The purpose of this study is to report on the experiment of a group of undergraduate students from the University of São Paulo at Ribeirão Preto College of Nursing, who use art (some aspects of the Clown Theatre) as a nursing resource in the care to hospitalized children. Having as basis the job performed by the group of physicians "Joy Doctors", and the theoretical grounding from Psychology and Pediatric and Neonatal Nursing, those students founded the Laugh Company that aims at rescuing laugh within the hospitalized child/family.
Psychotherapy: Theory, Research, Practice, Training
Reviews the book, Whole person healthcare, Volumes 1, 2, & 3 by I. A. Serlin, M. A. DiCowden, K. Rockefeller, S. Brown, J. Sonke-Henderson, R. Brandman, and J. Graham-Pole (2007). With the more-than-1,000-page tour de force titled Whole Person Healthcare, Ilene Serlin, current president of the San Francisco Psychological Association, has purposefully edited a three-volume series aimed at humanizing the fields of psychotherapy and health care.
Argues for the use of art in the delivery of pastoral care, especially with small children, the handicapped, and persons with emotional problems. Offers an example of such usage with a hospitalized spastic quadraplegic boy. Explores ways in which one's faith also might be expressed using visual modes rather than verbal ones.
Spiritual ministers, challenged to find meaningful ways to heal the hearts of persons with AIDS, are turning to some untraditional sources for help. Poetry, art, and stories are among the creative instruments for healing that pastoral ministers are bringing to the bedsides of the terminally ill. The story is the primary tool of spiritual care. Spiritual ministers working with persons with AIDS and their families should elicit and listen to their stories, which serve multiple purposes. Telling the stories is therapeutic for the person with AIDS.
From a Buddhist perspective, grief becomes complicated because mourners have trouble accommodating the reality of impermanence in the face of deep and unwelcome change, as they struggle to make sense of the "event story" of their loss and to revise their life story and identity accordingly.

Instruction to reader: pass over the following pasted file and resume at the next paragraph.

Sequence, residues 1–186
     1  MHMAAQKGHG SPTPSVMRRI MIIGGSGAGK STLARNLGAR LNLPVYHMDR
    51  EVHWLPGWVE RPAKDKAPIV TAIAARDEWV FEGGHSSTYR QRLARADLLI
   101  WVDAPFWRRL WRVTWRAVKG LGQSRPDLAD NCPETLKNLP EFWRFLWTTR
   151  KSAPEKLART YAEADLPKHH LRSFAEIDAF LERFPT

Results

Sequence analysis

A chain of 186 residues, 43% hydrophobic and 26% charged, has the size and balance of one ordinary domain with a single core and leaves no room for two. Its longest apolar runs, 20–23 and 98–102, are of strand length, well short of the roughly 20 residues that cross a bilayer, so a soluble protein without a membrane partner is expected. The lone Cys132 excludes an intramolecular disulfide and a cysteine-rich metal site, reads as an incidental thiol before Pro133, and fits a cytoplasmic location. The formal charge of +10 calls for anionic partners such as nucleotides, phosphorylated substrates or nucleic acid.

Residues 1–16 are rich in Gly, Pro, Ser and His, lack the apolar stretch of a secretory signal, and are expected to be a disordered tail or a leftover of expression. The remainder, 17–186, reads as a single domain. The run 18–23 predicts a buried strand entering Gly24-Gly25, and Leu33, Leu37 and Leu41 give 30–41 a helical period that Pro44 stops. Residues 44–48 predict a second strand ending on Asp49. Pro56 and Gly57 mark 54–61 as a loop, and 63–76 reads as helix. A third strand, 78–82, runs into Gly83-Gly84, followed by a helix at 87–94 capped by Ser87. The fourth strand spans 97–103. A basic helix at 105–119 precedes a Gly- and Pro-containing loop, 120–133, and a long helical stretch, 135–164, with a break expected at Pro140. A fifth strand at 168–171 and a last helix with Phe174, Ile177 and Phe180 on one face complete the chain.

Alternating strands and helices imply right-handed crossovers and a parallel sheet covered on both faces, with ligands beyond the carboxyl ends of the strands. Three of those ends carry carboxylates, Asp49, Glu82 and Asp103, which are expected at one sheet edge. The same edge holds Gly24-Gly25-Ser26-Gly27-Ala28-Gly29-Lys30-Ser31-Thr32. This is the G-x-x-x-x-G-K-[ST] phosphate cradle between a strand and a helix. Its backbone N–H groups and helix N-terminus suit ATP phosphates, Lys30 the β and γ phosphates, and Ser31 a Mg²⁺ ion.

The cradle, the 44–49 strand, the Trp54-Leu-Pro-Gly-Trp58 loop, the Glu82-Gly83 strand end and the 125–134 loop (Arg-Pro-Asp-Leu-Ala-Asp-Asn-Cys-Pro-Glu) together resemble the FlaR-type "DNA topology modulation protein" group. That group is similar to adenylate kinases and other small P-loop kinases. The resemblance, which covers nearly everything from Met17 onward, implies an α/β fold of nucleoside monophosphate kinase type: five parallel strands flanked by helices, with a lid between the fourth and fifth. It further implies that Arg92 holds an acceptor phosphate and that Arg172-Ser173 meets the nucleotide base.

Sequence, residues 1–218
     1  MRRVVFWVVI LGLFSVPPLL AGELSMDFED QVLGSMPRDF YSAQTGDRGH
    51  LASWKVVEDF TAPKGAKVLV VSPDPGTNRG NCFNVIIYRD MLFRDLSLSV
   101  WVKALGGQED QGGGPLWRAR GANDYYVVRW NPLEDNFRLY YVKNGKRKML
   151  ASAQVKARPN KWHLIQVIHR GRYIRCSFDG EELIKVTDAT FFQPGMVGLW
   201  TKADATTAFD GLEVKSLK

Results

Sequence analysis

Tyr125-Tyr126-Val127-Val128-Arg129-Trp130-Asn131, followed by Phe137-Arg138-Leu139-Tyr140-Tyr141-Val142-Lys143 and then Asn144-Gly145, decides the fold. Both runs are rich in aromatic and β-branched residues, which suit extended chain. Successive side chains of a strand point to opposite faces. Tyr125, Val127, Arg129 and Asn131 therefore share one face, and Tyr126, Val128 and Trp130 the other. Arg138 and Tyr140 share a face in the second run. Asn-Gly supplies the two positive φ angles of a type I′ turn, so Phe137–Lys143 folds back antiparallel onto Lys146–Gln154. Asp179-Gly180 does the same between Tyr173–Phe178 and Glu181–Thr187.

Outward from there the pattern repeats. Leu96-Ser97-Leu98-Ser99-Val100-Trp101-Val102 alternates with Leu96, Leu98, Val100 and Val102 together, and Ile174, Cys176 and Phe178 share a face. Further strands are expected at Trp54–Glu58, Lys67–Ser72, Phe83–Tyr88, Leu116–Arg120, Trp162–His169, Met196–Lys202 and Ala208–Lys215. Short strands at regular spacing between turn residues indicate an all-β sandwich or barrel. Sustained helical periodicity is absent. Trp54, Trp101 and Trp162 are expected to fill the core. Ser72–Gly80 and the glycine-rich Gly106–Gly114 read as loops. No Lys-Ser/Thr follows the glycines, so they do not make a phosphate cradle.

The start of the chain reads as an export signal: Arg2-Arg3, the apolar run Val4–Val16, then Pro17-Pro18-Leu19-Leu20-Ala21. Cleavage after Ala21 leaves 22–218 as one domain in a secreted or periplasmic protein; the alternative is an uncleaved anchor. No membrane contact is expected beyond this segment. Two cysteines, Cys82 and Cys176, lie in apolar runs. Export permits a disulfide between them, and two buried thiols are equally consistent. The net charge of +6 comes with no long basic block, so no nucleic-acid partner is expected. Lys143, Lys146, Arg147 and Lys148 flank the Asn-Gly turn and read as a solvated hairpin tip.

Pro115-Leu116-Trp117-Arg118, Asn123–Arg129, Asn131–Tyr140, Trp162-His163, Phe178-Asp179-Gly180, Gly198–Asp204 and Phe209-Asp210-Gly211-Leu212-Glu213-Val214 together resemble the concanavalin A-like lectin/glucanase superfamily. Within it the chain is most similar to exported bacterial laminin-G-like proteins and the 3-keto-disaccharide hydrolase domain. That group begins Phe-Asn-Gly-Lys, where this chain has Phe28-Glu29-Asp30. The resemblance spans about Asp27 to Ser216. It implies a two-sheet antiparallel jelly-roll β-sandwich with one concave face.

OBJECTIVE: To determine whether participation in a mind-body skills group program based on psychological self-care, mind-body techniques, and self-expression decreases symptoms of posttraumatic stress disorder (PTSD). METHOD: Eighty-two adolescents meeting criteria for PTSD according to the Harvard Trauma Questionnaire (which corresponds with 16 of the 17 diagnostic criteria for PTSD in DSM-IV) were randomly assigned to a 12-session mind-body group program or a wait-list control group.
OBJECTIVE: To review the evidence for the effectiveness of complementary and self-help treatments for depression in children and adolescents. DATA SOURCES: Systematic literature search using PubMed, PsycINFO and the Cochrane Library for 131 treatments up to February 2006. STUDY SELECTION: There were 13 treatments that had been evaluated in intervention studies. DATA EXTRACTION: Studies on each treatment were reviewed by one author and checked by a second. A consensus was reached for level of evidence.
BACKGROUND: Depressive disorders are common, cause considerable disability, and do not always respond to standard therapy (psychotherapy, antidepressants). Anthroposophic treatment for depression differs from ordinary treatment in the use of artistic and physical therapies and special medication. We studied clinical outcomes of anthroposophic therapy for depression. METHODS: 97 outpatients from 42 medical practices in Germany participated in a prospective cohort study.
OBJECTIVE: To compare anthroposophic treatment (eurythmy, rhythmical massage or art therapy; counselling, anthroposophic medication) and conventional treatment for low back pain (LBP) under routine conditions. METHODS: 62 consecutive outpatients from 38 medical practices in Germany, consulting an anthroposophic (A-) or conventional (C-) physician with LBP of >or= 6 weeks duration participated in a prospective non-randomised comparative study.